There’s a particular bureaucracy to colouring-in that children navigate. The lines become a boundary to be embraced or exceeded. There’s a responsibility for each participant established in their reading of the image, which can be upheld or dropped by the substitution of one colour for another. Opportunities can be seized for the insertion of pattern and colour, that exist outside the delineations of the composition.

As you watch, there is an acute awareness of the significance of individual ideas and choices, as this patchwork of colours riotously swings together. As a line of monkeys momentarily dance on a wall in pulsing colours, you consider the ways in which creativity is regulated through the increased sense of consciousness about image and “skill” that comes with age.

At the end of this collective film for the city, Baloo comes adrift, pausing to meet the gaze of the audience and curious as to what to do next. You wonder about the role of creativity and play and its place within each of the schools of the city and the rarity of opportunities for moments of true creativity within the current education system. You think about each child’s relationship with the song. The desire expressed to become like "another" in a multi-ethnic and diverse city holds a complexity that exists as a deep current within the work.

As the credits run, the signatures of each child flash past in sequence. Some of Beer’s collaborators rightfully seize the opportunity to riotously embellish the space around their names. Long may their exuberance continue. Birmingham always needs more artists!

In the following gallery is Oma's Kitchen Floor (2008), a sheet of wall-mounted linoleum from the house of Beer’s grandmother. it sits as a skin upon the wall, the work a recording of the movement of family life through the gradual accumulation of days, months, and decades. It shows a reality that cannot be photographed, an extended amount of time that can only be encountered through the removal of the object from its context.

There is a psychological pressure within this work, one that speaks to you of the spaces that you encounter that are emptied in such ways, those moments in which you see something in a raw state that shows how a door has been opened, a chair has been sat on and a cooker utilised. The worn patches of the work articulate these spaces of occupation, a drawing made over a lifetime, the lino both material and witness.

Alongside this work are the found sculptures of Beer's Highway (2014): sections of rail tracks (from Lyon's SNCF station) that have been polished over the years by continuous journeys, subject to the pressure of the wheel and the body. The tracks are placed vertically to rest on the wall, and two of them are set on the floor spaced the distance that they are set in life. These two horizontal tracks are cut to an acute angle so that they run towards a vanishing point, an indicator of a stopping point that rests just beyond our daily comprehension. As with the lino, this removal and re-presentation of an object enable it to articulate its condition, to porously frame itself within our wider lives and engagements with the world. The work records moments that are both transitory and universal.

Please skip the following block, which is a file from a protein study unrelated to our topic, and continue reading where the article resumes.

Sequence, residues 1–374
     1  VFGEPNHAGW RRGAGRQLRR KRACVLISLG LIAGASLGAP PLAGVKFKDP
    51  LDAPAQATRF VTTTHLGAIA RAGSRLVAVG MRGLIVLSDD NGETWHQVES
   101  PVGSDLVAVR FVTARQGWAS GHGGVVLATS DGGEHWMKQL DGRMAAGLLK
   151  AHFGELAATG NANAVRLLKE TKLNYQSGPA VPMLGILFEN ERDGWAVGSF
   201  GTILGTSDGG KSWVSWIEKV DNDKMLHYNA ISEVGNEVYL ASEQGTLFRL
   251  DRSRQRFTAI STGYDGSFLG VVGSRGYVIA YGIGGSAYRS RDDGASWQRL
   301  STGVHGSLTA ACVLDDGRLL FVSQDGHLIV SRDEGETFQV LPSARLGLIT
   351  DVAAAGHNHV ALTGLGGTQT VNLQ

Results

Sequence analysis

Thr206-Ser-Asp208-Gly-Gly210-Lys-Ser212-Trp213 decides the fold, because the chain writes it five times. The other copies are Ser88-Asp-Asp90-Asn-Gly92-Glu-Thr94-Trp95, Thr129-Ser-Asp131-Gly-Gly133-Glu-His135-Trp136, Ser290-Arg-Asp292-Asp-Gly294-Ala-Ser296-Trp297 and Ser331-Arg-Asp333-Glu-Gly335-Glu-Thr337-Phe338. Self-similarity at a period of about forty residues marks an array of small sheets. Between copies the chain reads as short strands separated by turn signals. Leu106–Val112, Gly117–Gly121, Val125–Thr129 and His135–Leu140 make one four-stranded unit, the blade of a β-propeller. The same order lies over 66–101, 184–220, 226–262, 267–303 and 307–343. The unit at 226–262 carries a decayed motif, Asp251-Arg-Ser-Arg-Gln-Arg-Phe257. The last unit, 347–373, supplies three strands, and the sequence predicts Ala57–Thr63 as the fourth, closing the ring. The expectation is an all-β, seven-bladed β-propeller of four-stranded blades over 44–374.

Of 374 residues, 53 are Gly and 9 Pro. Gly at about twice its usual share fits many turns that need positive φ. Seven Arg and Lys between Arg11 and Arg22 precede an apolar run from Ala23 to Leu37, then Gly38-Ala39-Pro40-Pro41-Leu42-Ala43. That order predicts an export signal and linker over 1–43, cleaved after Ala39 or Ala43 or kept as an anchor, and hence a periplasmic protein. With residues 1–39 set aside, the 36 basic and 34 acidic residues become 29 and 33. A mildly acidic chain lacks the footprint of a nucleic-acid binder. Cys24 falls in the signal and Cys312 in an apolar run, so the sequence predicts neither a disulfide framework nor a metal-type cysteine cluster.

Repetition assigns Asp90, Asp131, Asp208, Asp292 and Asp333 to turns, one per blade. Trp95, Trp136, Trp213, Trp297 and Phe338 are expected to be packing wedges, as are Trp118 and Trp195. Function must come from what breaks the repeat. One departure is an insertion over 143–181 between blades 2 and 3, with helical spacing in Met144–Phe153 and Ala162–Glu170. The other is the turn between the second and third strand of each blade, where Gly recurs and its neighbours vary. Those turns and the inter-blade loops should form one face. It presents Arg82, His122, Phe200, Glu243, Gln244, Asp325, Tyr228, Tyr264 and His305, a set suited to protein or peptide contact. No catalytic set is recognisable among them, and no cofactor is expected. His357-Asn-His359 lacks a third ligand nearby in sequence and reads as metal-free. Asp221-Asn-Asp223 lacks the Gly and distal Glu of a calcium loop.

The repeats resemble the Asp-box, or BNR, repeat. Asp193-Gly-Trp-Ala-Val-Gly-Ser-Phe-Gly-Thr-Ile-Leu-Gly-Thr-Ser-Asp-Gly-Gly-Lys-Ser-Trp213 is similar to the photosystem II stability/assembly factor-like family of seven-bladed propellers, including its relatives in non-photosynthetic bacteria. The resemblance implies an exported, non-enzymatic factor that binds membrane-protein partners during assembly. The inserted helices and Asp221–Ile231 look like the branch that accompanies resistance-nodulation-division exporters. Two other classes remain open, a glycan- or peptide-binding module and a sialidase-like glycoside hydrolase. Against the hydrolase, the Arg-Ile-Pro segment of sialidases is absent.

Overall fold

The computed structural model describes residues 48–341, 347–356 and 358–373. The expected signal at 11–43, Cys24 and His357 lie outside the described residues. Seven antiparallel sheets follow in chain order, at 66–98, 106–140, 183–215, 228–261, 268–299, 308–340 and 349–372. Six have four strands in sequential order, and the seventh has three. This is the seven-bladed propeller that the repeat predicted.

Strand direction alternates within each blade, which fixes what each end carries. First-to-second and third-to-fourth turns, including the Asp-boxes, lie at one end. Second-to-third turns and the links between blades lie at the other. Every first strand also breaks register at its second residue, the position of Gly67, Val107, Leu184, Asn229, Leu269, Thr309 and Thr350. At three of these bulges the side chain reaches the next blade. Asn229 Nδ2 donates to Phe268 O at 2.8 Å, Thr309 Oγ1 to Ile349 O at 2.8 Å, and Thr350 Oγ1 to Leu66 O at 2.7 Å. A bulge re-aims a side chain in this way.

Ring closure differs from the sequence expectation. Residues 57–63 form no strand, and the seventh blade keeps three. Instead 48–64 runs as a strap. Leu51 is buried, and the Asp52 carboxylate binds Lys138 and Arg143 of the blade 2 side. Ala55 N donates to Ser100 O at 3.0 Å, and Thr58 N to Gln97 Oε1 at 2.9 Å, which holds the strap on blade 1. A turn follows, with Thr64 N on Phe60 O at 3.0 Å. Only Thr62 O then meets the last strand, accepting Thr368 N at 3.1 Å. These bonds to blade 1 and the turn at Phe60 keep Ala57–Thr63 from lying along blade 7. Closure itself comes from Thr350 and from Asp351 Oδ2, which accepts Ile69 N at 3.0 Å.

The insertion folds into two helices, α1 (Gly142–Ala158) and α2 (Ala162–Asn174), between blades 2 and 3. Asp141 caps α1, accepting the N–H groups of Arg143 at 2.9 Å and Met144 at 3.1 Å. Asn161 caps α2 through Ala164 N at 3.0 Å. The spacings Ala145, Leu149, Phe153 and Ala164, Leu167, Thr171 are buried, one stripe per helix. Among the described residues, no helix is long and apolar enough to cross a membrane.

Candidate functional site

This sense of elements that are present with us in life yet rest beyond our comprehension is further explored with the work A-Ω (Alpha to Omega), (2017). In this work, two organ pipes tuned to 20Hz and 20,000Hz are set together in the gallery, one colossal and one minuscule. Both pipes have been made for Beer to play notes that are inaudible to the human ear.

As you engage with these instruments, there’s a nagging sense of impossibility, in which an absence becomes very present. You become aware of the limitations of your body and question what sound if any could be emitted from an instrument that is so fragile or one that is so robust. Set within the gallery, the religiosity of the title is shaken off this work and the potential for a presence to exist outside of our sensory experience is outlined in the present.

As you leave the space you encounter the video work Mum's Continuous Note (2013). Here, Beer’s mother extends a single sung note. It occupies a space beyond comprehension. At the same through subtitling, she articulates how she has learnt circular breathing to examine the beauty of a single sound. As with other works in the exhibition, there is the conviction here that the singular has a depth that is boundless, is full of a curiosity that can be stretched to fill a space. As with the gesture of replacing a window with Outside-In, Beer’s work attunes us to the potential of such circumstances.

Oliver Beer’s solo exhibition was at Ikon from 15 March to 4 June, 2017. His installation, Devils, will be at Thaddaeus Ropac, London, until 29 July